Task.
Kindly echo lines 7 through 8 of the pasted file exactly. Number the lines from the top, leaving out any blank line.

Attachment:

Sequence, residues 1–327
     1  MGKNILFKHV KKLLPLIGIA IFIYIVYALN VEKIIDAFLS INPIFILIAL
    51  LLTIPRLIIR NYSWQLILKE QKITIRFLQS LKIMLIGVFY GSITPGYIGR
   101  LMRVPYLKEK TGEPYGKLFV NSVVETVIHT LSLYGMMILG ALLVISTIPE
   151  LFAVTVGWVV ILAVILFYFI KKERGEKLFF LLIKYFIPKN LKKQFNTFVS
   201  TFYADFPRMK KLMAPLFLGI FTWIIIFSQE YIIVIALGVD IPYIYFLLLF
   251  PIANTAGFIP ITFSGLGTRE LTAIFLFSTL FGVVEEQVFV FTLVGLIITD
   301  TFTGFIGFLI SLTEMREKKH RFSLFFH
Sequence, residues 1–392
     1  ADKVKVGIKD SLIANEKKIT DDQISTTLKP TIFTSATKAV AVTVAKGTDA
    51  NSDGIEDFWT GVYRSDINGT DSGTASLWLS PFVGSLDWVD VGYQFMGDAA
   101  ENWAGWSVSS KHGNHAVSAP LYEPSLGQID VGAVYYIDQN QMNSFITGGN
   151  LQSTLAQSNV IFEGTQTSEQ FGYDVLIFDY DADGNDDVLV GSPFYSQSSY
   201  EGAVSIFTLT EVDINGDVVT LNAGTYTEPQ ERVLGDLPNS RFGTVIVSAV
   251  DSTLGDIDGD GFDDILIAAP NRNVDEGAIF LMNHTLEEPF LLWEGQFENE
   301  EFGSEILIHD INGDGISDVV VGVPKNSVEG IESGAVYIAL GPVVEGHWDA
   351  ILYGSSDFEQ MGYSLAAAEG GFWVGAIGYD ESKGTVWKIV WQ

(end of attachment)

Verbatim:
   251  PIANTAGFIP ITFSGLGTRE LTAIFLFSTL FGVVEEQVFV FTLVGLIITD
   301  TFTGFIGFLI SLTEMREKKH RFSLFFH